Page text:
to the United States senate if the lum
ber trust furnished the money what
does ths lumber trust expect back? If
tha beef trust furnished -the money,
' what 1s the quid pro quo for the beef
truat? Our aenators dictate largely the
appointment of district attorneys. Dls-
. trlct attorneys prosecute these trusts.
The question goes to that far-reaching
extent, If Mr. Hines, with his lumber
trust, has contributed, has It been for
tha purpose of -ettlng a district attor
ney to prosecute the lumber trust? If
ths beef trust has contributed, has it
been for ths purpose of getting a dis
trict attorney to prosecute the beef
trust? This Is one feature of the ease
that has come to me painfully, because
I have seen the withering blight of
Lorttnerlsm in many kinds of prosecutions."
MISS O'NEIL THRILLS AT HEILIG;
SONG AND MIRTH AT'ORPHEUM
Popular Actress Plays Part of
Old Maid In "The Lily,"
By J. F. 8.
After one week of Shsksspear with
its Ellsabethan English and lis mediae
val thought, theatre goers cams back to
Ufa with a start last night when The
Lily," than which nothing mora modern
could be Imagined, was given by Nance
O'Neil and a truly Belasoo-llke company
at ths Hellig. Ths awakening was a
shock but It was ths kind of aenaatloo
that It Is worth paying to aee any night
of the year. "The Lily" Isn't a play for
children, perhaps, but it Is for most
people, and to miss It would be a mle
To know that David Belasco Is tha
adapter of this play by Pierre Wolff
end Canton Lerous. Is to know thst It is
dramatic from first to last. It is to
know thst scenically It Is a gem, that
Insofar aa the company Is concerned. It
could not be Improved upon.
Most Xatereatlng' Actress.
But all forehand knowledge aa to
those matters avails nothing when it
comes to Mis O'Neill. She's decidedly
the most unusual and most interesting
American actress You can always be
surs sf Mrs. Flaks or Julia Marlowe or
Maud Adams you know exactly the In
telligence or the beauty or the charm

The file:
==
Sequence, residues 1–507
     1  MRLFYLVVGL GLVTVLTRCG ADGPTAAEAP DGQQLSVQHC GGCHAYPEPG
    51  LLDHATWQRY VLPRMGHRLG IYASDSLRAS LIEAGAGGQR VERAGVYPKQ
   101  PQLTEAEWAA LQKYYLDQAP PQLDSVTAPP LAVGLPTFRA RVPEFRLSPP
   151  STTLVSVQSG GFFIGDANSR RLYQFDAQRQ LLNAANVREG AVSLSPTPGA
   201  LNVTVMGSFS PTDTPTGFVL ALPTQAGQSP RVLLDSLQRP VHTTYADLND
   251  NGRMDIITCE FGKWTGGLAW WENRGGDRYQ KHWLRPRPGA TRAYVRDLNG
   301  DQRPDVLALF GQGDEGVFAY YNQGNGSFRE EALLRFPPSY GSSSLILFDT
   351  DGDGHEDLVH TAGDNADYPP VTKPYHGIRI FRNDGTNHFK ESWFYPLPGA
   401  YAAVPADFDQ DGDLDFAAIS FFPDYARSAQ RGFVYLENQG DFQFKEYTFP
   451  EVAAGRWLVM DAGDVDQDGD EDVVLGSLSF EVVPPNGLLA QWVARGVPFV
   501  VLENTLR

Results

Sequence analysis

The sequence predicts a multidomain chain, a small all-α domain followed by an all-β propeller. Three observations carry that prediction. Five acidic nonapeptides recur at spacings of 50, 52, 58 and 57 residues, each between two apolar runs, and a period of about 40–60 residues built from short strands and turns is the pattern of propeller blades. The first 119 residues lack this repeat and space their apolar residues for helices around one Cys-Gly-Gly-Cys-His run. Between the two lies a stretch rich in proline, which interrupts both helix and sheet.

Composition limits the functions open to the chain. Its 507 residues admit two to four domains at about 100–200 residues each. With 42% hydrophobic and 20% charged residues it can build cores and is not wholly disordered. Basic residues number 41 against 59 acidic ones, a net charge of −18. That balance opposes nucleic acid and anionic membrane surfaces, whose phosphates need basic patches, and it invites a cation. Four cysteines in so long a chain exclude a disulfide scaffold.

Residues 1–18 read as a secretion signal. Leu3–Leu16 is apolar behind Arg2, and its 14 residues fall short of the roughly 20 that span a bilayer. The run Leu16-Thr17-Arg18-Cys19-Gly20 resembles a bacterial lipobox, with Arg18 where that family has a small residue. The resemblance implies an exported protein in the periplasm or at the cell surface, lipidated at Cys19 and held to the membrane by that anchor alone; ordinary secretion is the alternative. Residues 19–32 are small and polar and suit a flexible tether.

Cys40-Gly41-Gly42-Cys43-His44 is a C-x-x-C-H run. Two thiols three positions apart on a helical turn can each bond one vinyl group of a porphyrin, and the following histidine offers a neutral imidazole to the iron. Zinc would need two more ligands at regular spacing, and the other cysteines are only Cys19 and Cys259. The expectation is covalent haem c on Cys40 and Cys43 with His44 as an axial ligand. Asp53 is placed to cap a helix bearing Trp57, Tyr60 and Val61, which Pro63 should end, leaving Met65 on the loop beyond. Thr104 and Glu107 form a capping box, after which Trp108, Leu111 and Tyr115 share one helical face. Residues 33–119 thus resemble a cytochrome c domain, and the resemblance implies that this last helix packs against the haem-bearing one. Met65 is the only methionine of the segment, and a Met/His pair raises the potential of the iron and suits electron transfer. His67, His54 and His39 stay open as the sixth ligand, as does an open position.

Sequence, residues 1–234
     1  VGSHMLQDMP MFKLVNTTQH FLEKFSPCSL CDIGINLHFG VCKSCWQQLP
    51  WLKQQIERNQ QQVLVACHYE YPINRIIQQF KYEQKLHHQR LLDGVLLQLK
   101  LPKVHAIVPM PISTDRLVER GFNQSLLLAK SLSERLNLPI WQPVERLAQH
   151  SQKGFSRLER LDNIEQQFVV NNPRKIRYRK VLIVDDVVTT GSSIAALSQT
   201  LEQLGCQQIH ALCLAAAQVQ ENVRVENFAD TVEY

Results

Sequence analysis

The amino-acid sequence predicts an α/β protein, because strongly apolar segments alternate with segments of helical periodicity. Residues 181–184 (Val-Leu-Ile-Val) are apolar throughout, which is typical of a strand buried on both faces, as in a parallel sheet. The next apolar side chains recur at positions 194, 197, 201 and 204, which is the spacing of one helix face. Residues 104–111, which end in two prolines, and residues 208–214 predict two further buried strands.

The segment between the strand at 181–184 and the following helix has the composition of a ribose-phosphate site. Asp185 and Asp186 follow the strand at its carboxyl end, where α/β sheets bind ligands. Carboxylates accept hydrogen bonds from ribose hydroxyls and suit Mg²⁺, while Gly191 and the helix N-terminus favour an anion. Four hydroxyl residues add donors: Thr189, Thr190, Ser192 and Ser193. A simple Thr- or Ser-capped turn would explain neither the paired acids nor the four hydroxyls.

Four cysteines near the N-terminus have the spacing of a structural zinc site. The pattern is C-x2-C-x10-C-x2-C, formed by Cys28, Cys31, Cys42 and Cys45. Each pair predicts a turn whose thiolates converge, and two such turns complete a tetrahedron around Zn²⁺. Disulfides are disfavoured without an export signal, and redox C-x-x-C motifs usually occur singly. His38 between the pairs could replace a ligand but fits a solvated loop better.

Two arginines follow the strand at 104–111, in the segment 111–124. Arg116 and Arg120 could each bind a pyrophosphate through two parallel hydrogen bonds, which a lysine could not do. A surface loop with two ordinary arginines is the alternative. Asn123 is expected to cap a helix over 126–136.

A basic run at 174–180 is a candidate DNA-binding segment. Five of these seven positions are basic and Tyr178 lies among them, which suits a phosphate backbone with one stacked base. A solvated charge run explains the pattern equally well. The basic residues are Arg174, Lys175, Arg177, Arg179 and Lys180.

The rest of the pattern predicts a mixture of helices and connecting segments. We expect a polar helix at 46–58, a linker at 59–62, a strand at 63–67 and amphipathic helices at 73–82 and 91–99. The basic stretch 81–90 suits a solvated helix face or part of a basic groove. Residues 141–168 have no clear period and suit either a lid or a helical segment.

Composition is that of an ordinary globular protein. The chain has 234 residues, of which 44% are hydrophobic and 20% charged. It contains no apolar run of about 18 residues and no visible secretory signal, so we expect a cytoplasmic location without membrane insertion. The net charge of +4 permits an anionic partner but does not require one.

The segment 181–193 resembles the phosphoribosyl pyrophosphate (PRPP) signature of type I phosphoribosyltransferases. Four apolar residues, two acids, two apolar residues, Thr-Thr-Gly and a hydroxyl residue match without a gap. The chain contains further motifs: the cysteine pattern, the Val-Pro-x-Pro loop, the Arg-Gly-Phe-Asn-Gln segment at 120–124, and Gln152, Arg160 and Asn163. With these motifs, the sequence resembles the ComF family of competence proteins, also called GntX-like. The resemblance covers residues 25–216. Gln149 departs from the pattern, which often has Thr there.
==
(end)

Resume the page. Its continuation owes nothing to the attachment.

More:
that each will display. But you never
can alt down before seeing Nance O'Neil
and know what shs'll do with a role.
Now who would have Imagined the Lily?
Here she is a tall, lithe, stralabt-un-and-
down old maid. Her hair is pulled
straight back, every curve is sllml
nsted, every expression gone. Talk of
your unusual stage pictures) But la
spits of all tha gray ashss the fire's
there. You see It break Into flame in
the third act a regular Belasco climax,
beautiful to behold, thrilling to sit
through. Miss O'Neil Is ths unususl, the
n expected. Long may shs bs so!
Old Maid moTotte.
Tbs plot concerns ths revolt of this
old maid. Jokingly referred to aa ths
Lily, and her defenss of her younser
slater's right to lovo whom she chosea
It's evidently been trimmed off a good
deal for American consumption, which
Is Just as welt. There's a selfish roue
of a father who has bent the elder sis
ter to his will, mads of her a spinster
housekeeper, and tries to do ths same
with the younger. When ho falls hs
would turn her out But there's no hope
ior one mao sgsinst two women and
instead he's bundled off to Psrls him
sen. ws imagine, this ending wasn't
in tno original French.
Charles Cartwright as ths father, is
the last work in the presentation of a
character of this sort His is a really
remarkable piece of acting. Julia Dean,
who plays the younger sister. Is most
intelligent and capable. Elliott Deit.r
her lover. Is excellent, snd Antoinette
waiaer as tne doll-like Lucie, does her
nine exceeaingiy weiL Oscar Eagle is
tha friend of the family who doea most
01 uie smoothing over. Ha tikaa. tha